There was no particular point to this story, except that intercommuter interaction of this sort is rare, and therefore strikes me as faintly remarkable.


AS I WAS LEAVING the train, I spotted what toxicfur has already noted, that the Herald headline of the day was COPS GRILL BAR TOUGH. There's something perfectly Heraldian about this phrase, in that every word is subject to multiple interpretations. It can be rearranged or repunctuated to serve for several alternate stories:

  • TOUGH BAR COPS GRILL (inter-bar rivalry in bad neighborhood leads to theft of cooking equipment)
  • COPS GRILL, BAR TOUGH (exclusive police barbecue event prohibits bully from attending)
  • TOUGH COP'S BAR & GRILL (retired law enforcement official opens dining establishment).


AND NOW, COOKIES.

On Friday, I ran into a troop of Girl Scouts selling cookies in the T station. I bought a box of Thin Mints and a box of what I'll continue to call Samoas even though the box says Caramel deLites. The GSC FAQ confirms that when it comes to Girl Scout Cookies, my choices are indeed, all facts and analysis.

I put them in the fridge when I got home, because experience has shown that melted Thin Mints are a Bad Thing. And anyway, it's my feeling that there are few things that are better than cold chocolate (one of those things may be hot chocolate). Finished off a pint of ice cream with D the other night with some Thin Mints on the side.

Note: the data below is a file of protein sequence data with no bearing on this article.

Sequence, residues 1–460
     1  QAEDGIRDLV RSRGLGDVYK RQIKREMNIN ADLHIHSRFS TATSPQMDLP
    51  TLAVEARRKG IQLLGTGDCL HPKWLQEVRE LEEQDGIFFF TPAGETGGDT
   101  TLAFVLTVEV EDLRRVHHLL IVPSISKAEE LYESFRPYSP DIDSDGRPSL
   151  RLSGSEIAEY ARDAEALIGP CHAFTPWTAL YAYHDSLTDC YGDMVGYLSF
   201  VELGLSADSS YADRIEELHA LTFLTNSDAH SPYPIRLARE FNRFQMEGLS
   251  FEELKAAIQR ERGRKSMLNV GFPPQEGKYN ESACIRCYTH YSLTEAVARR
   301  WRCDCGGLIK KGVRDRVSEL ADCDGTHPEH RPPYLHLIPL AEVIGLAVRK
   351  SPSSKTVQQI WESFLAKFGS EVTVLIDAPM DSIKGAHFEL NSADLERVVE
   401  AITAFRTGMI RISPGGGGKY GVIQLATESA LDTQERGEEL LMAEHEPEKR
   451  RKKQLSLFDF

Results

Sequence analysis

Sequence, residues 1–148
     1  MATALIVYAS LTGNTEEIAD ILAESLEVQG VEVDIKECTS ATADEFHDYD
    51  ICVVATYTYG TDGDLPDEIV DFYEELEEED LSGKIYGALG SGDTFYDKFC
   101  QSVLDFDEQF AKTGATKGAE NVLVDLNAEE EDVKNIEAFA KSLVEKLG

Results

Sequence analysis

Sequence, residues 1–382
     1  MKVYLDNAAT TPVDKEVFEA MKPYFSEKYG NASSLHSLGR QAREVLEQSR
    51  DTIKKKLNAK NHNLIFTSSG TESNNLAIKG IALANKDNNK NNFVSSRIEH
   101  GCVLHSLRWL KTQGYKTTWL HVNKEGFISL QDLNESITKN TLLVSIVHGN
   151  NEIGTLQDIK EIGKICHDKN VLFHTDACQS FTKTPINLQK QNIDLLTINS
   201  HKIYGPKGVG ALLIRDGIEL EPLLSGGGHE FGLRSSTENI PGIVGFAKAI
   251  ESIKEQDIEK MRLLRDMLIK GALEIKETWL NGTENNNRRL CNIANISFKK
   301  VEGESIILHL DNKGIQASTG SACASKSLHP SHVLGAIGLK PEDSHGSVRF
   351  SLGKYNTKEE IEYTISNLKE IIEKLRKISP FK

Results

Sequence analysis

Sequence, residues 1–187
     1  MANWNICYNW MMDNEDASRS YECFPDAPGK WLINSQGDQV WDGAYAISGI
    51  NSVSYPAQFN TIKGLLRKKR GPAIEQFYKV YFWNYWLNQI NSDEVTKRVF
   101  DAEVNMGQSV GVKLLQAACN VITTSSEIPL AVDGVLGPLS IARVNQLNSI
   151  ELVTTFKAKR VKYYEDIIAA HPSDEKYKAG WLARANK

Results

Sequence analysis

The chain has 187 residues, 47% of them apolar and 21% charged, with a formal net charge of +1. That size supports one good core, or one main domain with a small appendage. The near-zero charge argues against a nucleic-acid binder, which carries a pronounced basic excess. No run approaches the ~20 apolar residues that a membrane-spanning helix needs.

This morning, outside the train station, there was someone handing out Quaker Oats Breakfast Cookies. J had been talking as we walked out of the station about how her week was off to a bad start, when we were handed cookies and her day immediately improved. I think it was more the idea of a cookie gift than anything else, really. It was oatmeal raisin, and a sort of bland specimen of its type, I thought.


WENT TO D'S PARENTS' for a joint birthday dinner, D's and mine: lasagna followed by huge slices of chocolate cake. Half the cake was left as we were finishing up our coffee, and D's stepmom got up to wrap some of it up for us. D and I exchanged glances, and D's dad caught our look. "Do you not want the cake?" he asked.